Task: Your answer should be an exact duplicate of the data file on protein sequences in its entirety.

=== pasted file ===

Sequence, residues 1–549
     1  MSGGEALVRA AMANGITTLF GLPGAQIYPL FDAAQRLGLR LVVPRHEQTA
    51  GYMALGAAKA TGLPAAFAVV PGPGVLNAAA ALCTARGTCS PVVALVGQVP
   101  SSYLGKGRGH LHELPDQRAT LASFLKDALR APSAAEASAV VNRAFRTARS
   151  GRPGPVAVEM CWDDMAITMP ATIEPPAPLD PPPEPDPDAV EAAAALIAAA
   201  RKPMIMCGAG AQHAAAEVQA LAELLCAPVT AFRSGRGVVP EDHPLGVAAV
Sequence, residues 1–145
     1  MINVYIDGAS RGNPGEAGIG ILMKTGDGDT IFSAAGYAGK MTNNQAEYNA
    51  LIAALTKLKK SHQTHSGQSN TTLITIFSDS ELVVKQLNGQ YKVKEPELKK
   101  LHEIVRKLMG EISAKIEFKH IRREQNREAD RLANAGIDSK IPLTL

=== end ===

Sequence, residues 1–549
     1  MSGGEALVRA AMANGITTLF GLPGAQIYPL FDAAQRLGLR LVVPRHEQTA
    51  GYMALGAAKA TGLPAAFAVV PGPGVLNAAA ALCTARGTCS PVVALVGQVP
   101  SSYLGKGRGH LHELPDQRAT LASFLKDALR APSAAEASAV VNRAFRTARS
   151  GRPGPVAVEM CWDDMAITMP ATIEPPAPLD PPPEPDPDAV EAAAALIAAA
   201  RKPMIMCGAG AQHAAAEVQA LAELLCAPVT AFRSGRGVVP EDHPLGVAAV
Sequence, residues 1–145
     1  MINVYIDGAS RGNPGEAGIG ILMKTGDGDT IFSAAGYAGK MTNNQAEYNA
    51  LIAALTKLKK SHQTHSGQSN TTLITIFSDS ELVVKQLNGQ YKVKEPELKK
   101  LHEIVRKLMG EISAKIEFKH IRREQNREAD RLANAGIDSK IPLTL